Cosmostat day Machine Learning in Astrophysics

Date: January the 24th, 2019

Organizer:  Joana Frontera-Pons  <joana.frontera-pons@cea.fr>

Venue:

Local information

CEA Saclay is around 23 km South of Paris. The astrophysics division (DAp) is located at the CEA site at Orme des Merisiers, which is around 1 km South of the main CEA campus. See http://www.cosmostat.org/link/how-to-get-to-sap/ for detailed information on how to arrive.


On January the 24th, 2019, we organize the fourth day on machine learning in astrophysics at DAp, CEA Saclay. 

Program:

All talks are taking place at DAp, Salle Galilée (Building 713)

10:00 - 10:45h. TBD
10:45 - 11:15h. TBD
11:15 - 11:45h. TBD

12:00 - 13:30h. Lunch

13:30 - 14:00h. TBD
14:00 - 14:30h. TBD                                                            
14:30 - 15:00h. TBD
15:00 - 15:30h. TBD

15:30 - 16:00h. Coffe break

16:00 - 17:00h. Round table


 Previous Cosmostat Days on Machine Learning in Astrophysics :

CosmosClub: Sylvain Vanneste (16/11/2018)

Date: October 16th 2018, 2pm

Speaker: Sylvain Vanneste (LAL)

Title: Detecting CMB B-modes

Room: Kepler


Abstract

The discovery of the Cosmic Microwave Background (CMB) by Penzias and Wilson in 1964 was an important confirmation of the Big Bang theory. The CMB constitutes a background of photons emitted during the first instants of our Universe history, and still permeates it today. Since its discovery, numerous telescopes, balloon-born, or satellite experiments such as Planck, have made it possible to produce measurements and precise temperature maps of the CMB, of which we have been able to deduce important information about our Universe.
However, a piece of the cosmological puzzle is still missing: the inflation, corresponding to a short period during which the Universe would have seen its size growing exponentially. Inflation is a theory introduced to solve several major cosmological questions, and which, to date, has only been verified indirectly.
The inflation phase, however, should produce a stochastic background of primordial gravitational waves that may have left an imprint on the CMB. More particularly, these gravitational waves would induce the so-called B-modes patterns on the polarisation maps of CMB photons. The precise measurement of the B-modes, still undetected to this day, represents the most powerful probe of inflationary physics.
The B-modes expected signal is however of low intensity, and many additional experimental difficulties arise when aiming at measuring it. Dust from our own galaxy partially masks the CMB, and many models are developed to clean up galactic contaminations. The extraction and analysis of the measured data signal thus requires the development of precise statistical algorithms. These must take into account the complexity of the data produced, such as residual galactic contaminations, incomplete sky map coverage, as well as statistical and instrumental errors.
 

 

CosmosClub: Jia Liu (07/11/2018)

Date: November 7th 2018, 2pm

Speaker: Jia Liu (Princeton University)

Title: Cosmology in the nonlinear regime with massive neutrinos [slides]

Room: Kepler


Abstract

The non-zero mass of neutrinos suppresses the growth of cosmic structure on small scales. Since the level of suppression depends on the sum of the masses of the three active neutrino species, the evolution of large-scale structure is a promising tool to constrain the total mass of neutrinos and possibly shed light on the mass hierarchy. I will discuss recent progress and future prospects to constrain the neutrino mass sum with cosmology, with a focus on observables in the nonlinear regime.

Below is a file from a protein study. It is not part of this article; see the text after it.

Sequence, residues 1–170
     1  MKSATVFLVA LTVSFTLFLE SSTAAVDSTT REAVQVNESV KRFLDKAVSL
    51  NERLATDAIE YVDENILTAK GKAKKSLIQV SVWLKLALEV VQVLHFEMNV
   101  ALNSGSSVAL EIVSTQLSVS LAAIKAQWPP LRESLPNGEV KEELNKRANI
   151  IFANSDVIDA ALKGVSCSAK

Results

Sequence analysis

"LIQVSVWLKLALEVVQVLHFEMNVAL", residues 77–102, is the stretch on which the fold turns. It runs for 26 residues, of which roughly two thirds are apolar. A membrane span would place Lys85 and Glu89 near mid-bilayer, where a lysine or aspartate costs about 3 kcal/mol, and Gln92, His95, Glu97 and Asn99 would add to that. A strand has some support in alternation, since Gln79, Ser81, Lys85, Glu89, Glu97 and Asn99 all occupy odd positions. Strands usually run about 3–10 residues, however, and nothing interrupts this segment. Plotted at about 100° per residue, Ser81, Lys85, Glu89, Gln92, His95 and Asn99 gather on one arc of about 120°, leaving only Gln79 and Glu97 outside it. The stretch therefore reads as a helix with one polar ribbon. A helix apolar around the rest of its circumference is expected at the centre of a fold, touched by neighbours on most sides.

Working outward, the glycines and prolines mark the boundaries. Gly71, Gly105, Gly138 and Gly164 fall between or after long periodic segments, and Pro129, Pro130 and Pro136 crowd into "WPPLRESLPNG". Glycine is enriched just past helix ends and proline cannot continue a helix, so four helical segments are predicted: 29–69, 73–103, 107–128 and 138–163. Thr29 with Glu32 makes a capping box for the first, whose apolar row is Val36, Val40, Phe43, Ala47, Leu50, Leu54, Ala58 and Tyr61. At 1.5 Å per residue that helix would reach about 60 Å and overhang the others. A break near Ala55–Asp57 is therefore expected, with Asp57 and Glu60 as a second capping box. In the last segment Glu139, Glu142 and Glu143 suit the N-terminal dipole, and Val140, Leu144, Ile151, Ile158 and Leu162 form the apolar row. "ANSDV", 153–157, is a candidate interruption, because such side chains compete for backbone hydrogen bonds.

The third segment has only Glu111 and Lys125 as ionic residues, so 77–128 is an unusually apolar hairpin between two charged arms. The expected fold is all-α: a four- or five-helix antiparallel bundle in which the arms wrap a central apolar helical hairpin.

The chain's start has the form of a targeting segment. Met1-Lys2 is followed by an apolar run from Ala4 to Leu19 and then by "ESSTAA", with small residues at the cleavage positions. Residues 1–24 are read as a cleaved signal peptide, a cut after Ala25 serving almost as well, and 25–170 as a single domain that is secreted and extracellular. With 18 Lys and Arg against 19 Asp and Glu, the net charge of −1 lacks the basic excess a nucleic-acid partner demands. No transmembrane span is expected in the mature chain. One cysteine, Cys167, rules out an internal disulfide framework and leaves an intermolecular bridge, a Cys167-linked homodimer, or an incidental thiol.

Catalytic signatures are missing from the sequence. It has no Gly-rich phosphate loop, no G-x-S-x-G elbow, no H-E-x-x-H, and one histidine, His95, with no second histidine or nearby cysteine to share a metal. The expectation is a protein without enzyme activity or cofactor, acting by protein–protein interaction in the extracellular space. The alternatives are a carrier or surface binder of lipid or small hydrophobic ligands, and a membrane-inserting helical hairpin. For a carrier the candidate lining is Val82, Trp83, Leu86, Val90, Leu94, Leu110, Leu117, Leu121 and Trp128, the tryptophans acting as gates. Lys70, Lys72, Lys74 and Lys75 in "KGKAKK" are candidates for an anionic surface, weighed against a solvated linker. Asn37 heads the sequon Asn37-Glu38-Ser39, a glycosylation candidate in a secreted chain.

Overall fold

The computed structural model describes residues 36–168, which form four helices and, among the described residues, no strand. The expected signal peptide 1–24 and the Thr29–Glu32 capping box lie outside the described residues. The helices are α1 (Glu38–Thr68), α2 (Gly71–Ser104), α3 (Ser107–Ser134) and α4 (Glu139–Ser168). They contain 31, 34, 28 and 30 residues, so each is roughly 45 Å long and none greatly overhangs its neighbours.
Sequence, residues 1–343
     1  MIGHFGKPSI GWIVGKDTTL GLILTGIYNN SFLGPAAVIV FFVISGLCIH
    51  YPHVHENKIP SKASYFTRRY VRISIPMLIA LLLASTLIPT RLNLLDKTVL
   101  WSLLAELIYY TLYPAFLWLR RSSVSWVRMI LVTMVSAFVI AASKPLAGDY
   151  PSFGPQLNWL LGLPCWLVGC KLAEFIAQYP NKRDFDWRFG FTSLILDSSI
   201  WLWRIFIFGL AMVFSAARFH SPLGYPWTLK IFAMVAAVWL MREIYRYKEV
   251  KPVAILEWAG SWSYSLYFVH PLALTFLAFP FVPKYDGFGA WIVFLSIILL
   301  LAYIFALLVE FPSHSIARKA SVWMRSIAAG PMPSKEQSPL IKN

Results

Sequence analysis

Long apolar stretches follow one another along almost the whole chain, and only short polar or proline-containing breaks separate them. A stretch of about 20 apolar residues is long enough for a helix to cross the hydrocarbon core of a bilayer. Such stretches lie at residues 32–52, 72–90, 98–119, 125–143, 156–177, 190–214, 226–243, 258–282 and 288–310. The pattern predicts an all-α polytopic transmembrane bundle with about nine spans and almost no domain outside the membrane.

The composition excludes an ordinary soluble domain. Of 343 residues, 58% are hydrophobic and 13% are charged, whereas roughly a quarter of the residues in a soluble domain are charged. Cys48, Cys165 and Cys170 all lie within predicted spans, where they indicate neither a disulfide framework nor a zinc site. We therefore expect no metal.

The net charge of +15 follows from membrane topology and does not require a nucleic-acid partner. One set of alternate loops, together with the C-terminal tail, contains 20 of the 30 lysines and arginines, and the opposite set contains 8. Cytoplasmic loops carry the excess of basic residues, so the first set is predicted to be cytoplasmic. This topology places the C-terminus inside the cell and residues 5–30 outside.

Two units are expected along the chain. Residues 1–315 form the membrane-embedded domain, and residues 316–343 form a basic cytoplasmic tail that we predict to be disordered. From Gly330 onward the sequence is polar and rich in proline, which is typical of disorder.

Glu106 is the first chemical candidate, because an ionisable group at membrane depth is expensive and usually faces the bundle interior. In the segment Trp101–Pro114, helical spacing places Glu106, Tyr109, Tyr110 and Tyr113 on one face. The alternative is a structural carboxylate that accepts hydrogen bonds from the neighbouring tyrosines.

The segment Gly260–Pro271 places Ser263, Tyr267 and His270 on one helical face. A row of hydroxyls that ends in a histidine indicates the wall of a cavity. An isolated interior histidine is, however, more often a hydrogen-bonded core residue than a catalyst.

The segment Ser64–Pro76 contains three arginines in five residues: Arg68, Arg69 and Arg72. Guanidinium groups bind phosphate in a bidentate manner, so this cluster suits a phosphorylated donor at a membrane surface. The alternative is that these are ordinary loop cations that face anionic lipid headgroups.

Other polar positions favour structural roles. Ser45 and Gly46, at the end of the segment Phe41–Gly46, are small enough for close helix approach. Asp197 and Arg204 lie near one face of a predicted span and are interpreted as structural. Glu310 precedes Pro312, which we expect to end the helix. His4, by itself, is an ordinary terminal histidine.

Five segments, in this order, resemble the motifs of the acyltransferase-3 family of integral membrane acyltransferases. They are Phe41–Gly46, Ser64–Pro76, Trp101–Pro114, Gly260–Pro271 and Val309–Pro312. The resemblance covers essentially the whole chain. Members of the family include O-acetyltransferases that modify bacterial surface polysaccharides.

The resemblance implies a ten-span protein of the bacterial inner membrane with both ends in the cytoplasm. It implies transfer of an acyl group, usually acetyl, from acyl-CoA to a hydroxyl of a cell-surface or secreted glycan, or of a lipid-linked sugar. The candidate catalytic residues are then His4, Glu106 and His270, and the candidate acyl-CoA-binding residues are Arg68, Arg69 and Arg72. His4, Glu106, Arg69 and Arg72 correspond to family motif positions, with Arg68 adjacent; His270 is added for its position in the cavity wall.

CosmosClub: Chieh-An Lin (09/10/2018)

Date: October 9th 2018

Speaker: Chieh-An Lin (IfA, University of Edinburgh)

Title: Predicting weak-lensing covariance with a fast simulator


Weak lensing has been shown as an outstanding tool to constrain cosmology. The state-of-the-art studies have used the power spectrum and peak counts as estimators, and the combination of the two can break down parameter degeneracies and maximize the information extraction.

To constrain cosmology with both estimators, understanding the joint covariance is crucial. However, calculating it analytically seems to be intractable for peaks, and the empirical approach with N-body simulations will be expensive as the size of lensing surveys increase.

I will present a fast solution to solve this problem. The proposed approach simulates lognormal fields and halo models to predict lensing signals. We compared the resulting joint covariance with the one from a large number of N-body simulations and found an excellent agreement. In addition, our approach is orders of magnitude faster than N-body runs.

Euclid - France atelier/workshop gravitational lensing

Date: October 22, 2018

Organizer:  Martin Kilbinger & Karim Benabed

Venue: IAP,  98bis bd Arago, 75014 Paris. Salle Entresol

Local information

http://www.iap.fr/accueil/acces/acces.php


Participants

Martin Kilbinger
Karim Benabed
Sandrine Codis
Eric Jullo
Francis Bernardeau
Yohan Dubois
Santiago Casas
Raphael Gavazzi
Alain Blanchard
Patrick Hudelot
Calum Murray
Matteo Rizzato
Samuel Farrens
Alexandre Barthelemy
Austin Peel
Nicolas Martinet
Morgan Schmitz
Virginia Ajani
Henry McCracken
Peter Taylor
Bertrand Morin
Céline Gouin

Program

 

10:00   Café
10:30   Martin Kilbinger                Welcome, introduction, goals of the meeting, resources
10:45   Matteo Rizzato                   Information content in the weak lensing bispectrum
11:15   Eric Jullo                                 WLSWG work package “Galaxy-galaxy lensing”
11:45   Alexandre Barthelemy    One-point statistics of weak lensing maps
12:15    Peter Taylor                         k-cut Cosmic Shear: Tunable Power Spectrum Sensitivity to Test Gravity
12:45   Henry Joy McCracken    Euclid VIS activities and weak lensing requirements